Google Research

Sampling-Bias-Corrected Neural Modeling for Large Corpus Item Recommendations

RecSys 2019

Abstract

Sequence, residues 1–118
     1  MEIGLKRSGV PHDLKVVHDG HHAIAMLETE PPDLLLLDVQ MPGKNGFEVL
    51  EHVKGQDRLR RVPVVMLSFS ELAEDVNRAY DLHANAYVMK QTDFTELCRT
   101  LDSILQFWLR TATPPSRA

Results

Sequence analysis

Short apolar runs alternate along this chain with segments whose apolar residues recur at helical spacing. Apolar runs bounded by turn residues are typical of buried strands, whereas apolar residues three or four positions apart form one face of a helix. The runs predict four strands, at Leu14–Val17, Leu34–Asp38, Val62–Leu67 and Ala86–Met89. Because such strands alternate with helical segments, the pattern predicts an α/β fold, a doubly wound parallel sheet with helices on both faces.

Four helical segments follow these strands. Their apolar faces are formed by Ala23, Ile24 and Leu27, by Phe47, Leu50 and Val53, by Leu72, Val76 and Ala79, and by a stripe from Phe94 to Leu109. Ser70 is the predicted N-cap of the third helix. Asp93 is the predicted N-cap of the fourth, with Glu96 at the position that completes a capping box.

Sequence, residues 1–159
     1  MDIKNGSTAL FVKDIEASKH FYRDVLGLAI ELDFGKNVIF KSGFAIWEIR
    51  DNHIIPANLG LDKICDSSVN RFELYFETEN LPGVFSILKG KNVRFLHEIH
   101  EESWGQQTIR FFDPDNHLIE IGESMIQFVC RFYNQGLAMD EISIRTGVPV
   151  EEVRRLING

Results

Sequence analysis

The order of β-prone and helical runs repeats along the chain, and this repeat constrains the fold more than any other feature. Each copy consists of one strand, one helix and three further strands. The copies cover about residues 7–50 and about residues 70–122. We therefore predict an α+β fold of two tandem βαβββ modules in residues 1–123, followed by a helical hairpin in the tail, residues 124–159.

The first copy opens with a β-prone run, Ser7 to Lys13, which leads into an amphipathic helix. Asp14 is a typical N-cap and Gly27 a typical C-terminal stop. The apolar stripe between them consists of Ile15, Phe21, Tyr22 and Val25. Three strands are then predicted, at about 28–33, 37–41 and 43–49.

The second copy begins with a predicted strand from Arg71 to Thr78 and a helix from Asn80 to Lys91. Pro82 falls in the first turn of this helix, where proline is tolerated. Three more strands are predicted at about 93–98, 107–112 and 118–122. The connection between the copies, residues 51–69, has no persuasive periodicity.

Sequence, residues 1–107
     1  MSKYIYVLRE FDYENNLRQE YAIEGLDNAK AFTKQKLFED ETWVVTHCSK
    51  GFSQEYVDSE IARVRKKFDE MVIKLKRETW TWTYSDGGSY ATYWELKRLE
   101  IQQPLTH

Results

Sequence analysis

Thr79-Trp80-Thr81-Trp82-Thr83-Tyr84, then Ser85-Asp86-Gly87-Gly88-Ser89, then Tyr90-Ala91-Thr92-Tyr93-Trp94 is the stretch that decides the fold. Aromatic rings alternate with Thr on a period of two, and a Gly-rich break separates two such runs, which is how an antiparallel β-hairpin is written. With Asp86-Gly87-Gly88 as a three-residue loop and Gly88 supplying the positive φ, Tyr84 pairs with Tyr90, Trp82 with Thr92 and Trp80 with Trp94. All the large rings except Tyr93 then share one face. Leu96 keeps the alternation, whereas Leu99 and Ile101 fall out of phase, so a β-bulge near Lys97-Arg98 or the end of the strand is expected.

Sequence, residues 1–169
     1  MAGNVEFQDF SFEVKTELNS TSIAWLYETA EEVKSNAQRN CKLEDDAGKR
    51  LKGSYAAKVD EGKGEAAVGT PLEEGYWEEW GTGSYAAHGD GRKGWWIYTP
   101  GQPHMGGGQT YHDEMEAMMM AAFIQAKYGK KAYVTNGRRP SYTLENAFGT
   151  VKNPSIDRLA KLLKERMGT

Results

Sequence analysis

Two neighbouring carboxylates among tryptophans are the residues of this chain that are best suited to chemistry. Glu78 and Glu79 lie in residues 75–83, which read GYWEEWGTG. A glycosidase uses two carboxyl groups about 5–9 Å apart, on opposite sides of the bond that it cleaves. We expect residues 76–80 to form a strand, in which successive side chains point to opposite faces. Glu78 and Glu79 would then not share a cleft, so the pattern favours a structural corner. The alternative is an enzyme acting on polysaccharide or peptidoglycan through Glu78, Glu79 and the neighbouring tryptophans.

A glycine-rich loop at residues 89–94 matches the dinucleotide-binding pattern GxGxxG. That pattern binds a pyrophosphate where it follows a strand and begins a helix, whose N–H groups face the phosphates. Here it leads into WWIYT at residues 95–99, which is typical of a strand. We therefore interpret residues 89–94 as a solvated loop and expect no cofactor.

Many recommendation systems need to retrieve and score items from a large corpus. A common approach to handle data sparsity and power-law item distribution is to learn item representations from its content features. Apart from many content-aware systems based on matrix factorization, in this paper, we consider a modeling framework with two-tower neural networks where one network called item tower is used to encode a wide variety of item features. Optimizing loss functions calculated from in-batch negatives, which are items sampled in a random batch, is a general recipe of training such two-tower models. However, batch loss is subject to sampling bias which could severely restrict model performance, particularly in the case of power-law distribution. In this work, we present a novel algorithm for estimating item frequency from streaming data. Our main idea is to sketch and estimate item occurrences via gradient descent. Through theoretical analysis and simulations, we show that the proposed algorithm can work without fixed item vocabulary, and is capable of producing unbiased estimation and being adaptive to item distribution change. We then apply the sampling-bias-corrected modeling approach to build a large scale retrieval system called Neural Deep Retrieval (NDR) for YouTube recommendations. The system is deployed to retrieve personalized suggestions from a corpus of tens of millions videos. We demonstrate the effectiveness of sampling bias correction through offline experiments on two real-world datasets. We also conduct live A/B testings to show that the NDR system leads to improved recommendation quality for YouTube.

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